Holy Huddle

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Picture: Mathew Sumner, Associated Press

Over the past several weeks, I have been struck by something profound about the church. It’s simply this: fellowship is really important.

I have been somewhat skeptical of the word ‘fellowship’ over the years. For me, it conjures up images of clustered cliques. All too often disconnectedness, disjointedness, and rejection of others have all happened within the church within the guise of fellowship.

True fellowship, however, is rooted in communion and having things in common with others. That commonality is not based on external appearances and hobbies, but in the desire to experience unity and oneness that exists in the Body of Christ. Understanding fellowship in this light removes the cliques and points to Christ. The feeling of fellowship is a beautiful thing as long as the purpose of it points beyond ‘self’. The peace experienced within bonafide fellowship has a purpose.

In discussing the purpose of the church in this world, I was talking to a gentleman who sarcastically brought up the phrase 'holy huddle’ in reference to how the church practices fellowship. It was intended as a negative description, that is, congregations gathering together separate from this world in their own 'closedknittedness'.

But then I got to thinking: Isn’t the phrase 'holy huddle' a fairly accurate description of the church? In fact, shouldn’t our holy gatherings be even more of a holy huddle type experience? Huddles are about the quarterback sharing the vision of the next play. The mission of the team: To fight for ground down the field, and to score more touchdowns and field goals than the other team. Ultimately, the goal is to win! The huddle is a time of separation, but it has to be. It's a time to regroup, to rebuild, to reform, to plan, to rebuff, to recast, to rebuke and to encourage. But all this happens inside and within the game. The huddle is part of the game, not outside of it. It’s not like the huddle happens in locker rooms each time. Huddles happen out in the public for everyone to see.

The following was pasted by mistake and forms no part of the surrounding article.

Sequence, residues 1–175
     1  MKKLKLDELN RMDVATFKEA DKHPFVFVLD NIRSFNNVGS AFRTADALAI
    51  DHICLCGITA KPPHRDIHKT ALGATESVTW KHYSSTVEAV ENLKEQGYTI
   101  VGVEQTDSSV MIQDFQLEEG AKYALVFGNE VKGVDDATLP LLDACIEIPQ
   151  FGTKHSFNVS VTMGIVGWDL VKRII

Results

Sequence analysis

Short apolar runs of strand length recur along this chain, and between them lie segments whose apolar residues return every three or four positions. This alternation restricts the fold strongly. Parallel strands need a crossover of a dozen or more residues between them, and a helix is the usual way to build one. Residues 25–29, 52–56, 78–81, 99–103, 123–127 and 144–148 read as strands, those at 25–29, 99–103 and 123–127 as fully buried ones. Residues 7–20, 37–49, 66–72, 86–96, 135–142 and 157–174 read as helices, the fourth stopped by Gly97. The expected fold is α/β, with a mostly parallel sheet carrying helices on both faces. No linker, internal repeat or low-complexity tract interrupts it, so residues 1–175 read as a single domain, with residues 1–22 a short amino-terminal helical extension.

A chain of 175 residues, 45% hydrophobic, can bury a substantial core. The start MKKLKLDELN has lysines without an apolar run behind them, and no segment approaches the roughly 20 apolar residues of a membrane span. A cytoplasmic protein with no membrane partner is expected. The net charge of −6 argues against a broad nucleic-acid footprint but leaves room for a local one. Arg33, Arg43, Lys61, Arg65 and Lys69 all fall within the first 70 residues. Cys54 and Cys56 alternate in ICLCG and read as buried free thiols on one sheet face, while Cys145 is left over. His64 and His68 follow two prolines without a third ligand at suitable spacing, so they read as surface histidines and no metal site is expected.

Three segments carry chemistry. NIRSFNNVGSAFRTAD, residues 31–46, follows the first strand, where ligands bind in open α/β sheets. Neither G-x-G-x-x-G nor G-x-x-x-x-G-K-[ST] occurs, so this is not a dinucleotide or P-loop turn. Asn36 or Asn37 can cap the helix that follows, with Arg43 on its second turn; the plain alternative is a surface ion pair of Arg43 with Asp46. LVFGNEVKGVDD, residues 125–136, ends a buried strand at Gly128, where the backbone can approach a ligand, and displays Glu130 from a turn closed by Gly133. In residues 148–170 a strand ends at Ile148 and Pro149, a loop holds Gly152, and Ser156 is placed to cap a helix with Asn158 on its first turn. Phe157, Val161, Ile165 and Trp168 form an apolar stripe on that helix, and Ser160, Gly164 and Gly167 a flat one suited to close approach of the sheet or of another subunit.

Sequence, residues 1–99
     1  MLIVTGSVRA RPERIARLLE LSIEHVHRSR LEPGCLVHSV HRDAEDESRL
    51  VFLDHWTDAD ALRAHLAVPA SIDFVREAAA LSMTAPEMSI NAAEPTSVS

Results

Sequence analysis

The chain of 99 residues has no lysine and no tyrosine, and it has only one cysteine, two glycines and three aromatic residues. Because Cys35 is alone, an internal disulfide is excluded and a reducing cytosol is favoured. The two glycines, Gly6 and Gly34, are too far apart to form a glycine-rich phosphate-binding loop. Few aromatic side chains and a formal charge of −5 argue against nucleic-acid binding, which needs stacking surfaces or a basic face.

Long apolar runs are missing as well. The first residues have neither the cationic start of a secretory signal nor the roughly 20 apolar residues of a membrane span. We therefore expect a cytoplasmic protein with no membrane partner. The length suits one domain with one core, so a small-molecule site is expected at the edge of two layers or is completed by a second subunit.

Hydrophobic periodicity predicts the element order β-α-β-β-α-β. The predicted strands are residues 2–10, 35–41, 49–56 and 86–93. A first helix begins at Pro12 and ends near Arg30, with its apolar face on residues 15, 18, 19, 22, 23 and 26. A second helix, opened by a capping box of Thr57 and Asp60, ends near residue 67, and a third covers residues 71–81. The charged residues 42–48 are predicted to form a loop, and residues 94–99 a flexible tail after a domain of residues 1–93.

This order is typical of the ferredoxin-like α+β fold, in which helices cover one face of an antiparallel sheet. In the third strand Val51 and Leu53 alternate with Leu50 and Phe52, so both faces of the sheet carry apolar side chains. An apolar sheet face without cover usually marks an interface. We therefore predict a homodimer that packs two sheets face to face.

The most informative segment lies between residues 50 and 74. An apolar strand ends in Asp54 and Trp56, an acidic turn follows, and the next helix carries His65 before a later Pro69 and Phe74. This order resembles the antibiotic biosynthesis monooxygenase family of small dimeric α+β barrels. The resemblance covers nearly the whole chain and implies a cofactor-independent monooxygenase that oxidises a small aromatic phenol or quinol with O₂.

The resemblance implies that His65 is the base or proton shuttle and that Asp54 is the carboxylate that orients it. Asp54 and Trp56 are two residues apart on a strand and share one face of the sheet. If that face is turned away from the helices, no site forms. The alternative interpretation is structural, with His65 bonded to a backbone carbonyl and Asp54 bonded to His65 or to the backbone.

There is a purpose to a huddle, and its purpose points beyond itself.

I wonder how effective church outreach would be if all congregations treated time together as a huddle. What if churches spent more of their time huddling together and dreaming and scheming how to advance forward with the Gospel? What would it look like if each Sunday was meant to regroup, to rebuild, to reform, to plan, to rebuff, to recast, to rebuke and to encourage? I think the result would be something similar to how the early church experienced fellowship. They learned to love well. They loved so well that the world couldn’t help but be convinced that this love is grounded in something real; namely, Jesus Christ. Do you think it is possible for the church to learn to love that again?